The killing of 47-year-old inspector Subodh Kumar Singh at Siyana village in western Uttar Pradesh's Bulandshahr district by a .32 pistol underscores only a part of the burgeoning number of deaths by bullet in India.
Most of the gun-toting is with country-made Saturday night specials, a crude but effective weapon that kills as easily. The illegal trade is flourishing and since these weapons cannot be traced, they make for a safe choice to engage in crime or simply express rage over even trivial issues.
Last week, a disc jockey (DJ) was arrested in Delhi in connection with an incident in which his bosses opened firing on two persons over the playing of a song in a nightclub.
A 20-year-old girl was shot at by her colleague in October this year. In northwest Delhi, a spurned swain stalked and shot a girl outside her home. Four gangsters killed the cashier of a bank in an armed robbery recently. The video of a man cheerfully and casually shooting a resident of Taimoor colony in the city went viral a couple of months back. In this area, it is not rare to see people firing in the air from moving cars.
These homemade weapons are manufactured from what is now much larger and more organised than a cottage industry. It is an open secret operating from the inner alleys of the townships in Bihar, Uttar Pradesh and now Delhi. A gun, once made from steel piping, has now moved upwards in terms of technology, with lathes and machining tools being employed for a finer product.
On paper, India has very stringent gun laws. The Arms Act of 1959 updated and reinforced in 2016, demanding licences for even .177 and .22 air rifles, makes for the toughest gun laws globally. Ownership is an arduous process. It has turned to mush in terms of safety as the illegal trade has allowed for more than 40 million illegal weapons to hit the market in this century.
We have four official guns per 100 people in India as compared to 100 plus weapons for the same number in the US, but it is cold comfort. Like burner phones, the illegal weapons can be used and discarded and are not traceable.
While much has been written about the underground gun-manufacturing business and how lucrative it is, especially with native ‘karigar’ ingenuity fine-tuning these fake products and literally creating bespoke but effective weapons, very little data is available on where the bullets come from. While packing a marble or a ball bearing with gunpowder and setting it off in a lead pipe has its own dangers and can truly backfire, getting casings for proper caliber bullets like the .22, the .32, the .45, the 9 mm, 7.92 and the 30.06 bore pistols and rifles or even approximates of the 7.62 Self Loading Rifle used by the army is not easy. The armed forces, paramilitary and police are very stringent about collecting empties at shooting ranges and making these casings calls for complicated equipment.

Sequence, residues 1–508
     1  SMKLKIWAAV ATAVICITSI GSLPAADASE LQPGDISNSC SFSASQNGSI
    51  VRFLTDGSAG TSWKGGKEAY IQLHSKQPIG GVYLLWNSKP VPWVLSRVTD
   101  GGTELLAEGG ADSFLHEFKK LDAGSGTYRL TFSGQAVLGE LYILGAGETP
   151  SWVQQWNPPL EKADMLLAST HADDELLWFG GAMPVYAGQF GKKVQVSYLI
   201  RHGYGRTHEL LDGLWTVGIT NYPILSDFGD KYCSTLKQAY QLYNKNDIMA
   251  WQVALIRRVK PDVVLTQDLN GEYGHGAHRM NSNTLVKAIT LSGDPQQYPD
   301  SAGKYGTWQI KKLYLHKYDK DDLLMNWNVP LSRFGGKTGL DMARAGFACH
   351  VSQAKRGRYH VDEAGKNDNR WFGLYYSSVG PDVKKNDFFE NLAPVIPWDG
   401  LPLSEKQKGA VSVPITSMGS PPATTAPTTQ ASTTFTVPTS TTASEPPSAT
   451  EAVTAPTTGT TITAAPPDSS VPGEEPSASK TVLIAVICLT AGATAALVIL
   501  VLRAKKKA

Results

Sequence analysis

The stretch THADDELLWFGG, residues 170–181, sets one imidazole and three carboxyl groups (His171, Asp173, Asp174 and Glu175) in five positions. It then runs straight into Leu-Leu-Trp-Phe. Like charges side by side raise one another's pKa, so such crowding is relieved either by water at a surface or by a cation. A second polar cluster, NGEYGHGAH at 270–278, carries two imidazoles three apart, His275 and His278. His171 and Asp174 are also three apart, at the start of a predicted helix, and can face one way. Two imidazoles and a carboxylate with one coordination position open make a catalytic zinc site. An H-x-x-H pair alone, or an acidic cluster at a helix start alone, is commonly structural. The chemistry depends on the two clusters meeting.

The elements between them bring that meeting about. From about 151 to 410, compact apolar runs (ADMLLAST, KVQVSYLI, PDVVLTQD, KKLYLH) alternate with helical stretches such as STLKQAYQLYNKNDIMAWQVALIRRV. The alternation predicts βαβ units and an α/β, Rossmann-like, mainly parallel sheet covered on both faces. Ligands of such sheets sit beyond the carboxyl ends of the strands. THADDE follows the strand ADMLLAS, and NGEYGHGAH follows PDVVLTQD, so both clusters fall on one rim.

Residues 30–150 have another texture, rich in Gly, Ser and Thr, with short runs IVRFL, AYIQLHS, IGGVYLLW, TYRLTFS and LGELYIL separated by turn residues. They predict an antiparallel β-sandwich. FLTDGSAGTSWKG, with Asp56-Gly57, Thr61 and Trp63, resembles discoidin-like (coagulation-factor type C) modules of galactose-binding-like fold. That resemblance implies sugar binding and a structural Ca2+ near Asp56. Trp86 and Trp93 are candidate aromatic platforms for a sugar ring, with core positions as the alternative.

No longer a side business, much of the stuff above the level of the homemade ‘musket’ ammo comes through West Bengal and has a ‘made in China’ stamp on it. It is smuggled into the mainland in many intriguing ways and then dispensed through the network to 'customers'.
As investment in illegal arms increases and the market wants more, the capability to produce casings will improve markedly. Spent 12 bore cartridges are often left in shooting ranges and can be taken and reinvented on their brass base. Once the machining upgrades, getting the gunpowder and the cap is child’s play. It is pretty much on the cards that having an illegal weapon with enough ammo will soon spike even sharper and become as common as a smart phone, making our laws totally redundant.
There is a school of thought that believes it is the draconian laws prohibiting guns that galvanise the illegal trade. If people could buy legal weaponry, the acts of violence would reduce. It is a moot thought. Perhaps what is needed is a crackdown on the ammunition and the routes it takes from manufacture to the barrel of a gun.
Without bullets, the gun is just a lead pipe.
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Updated Date: Dec 05, 2018 20:11:29 IST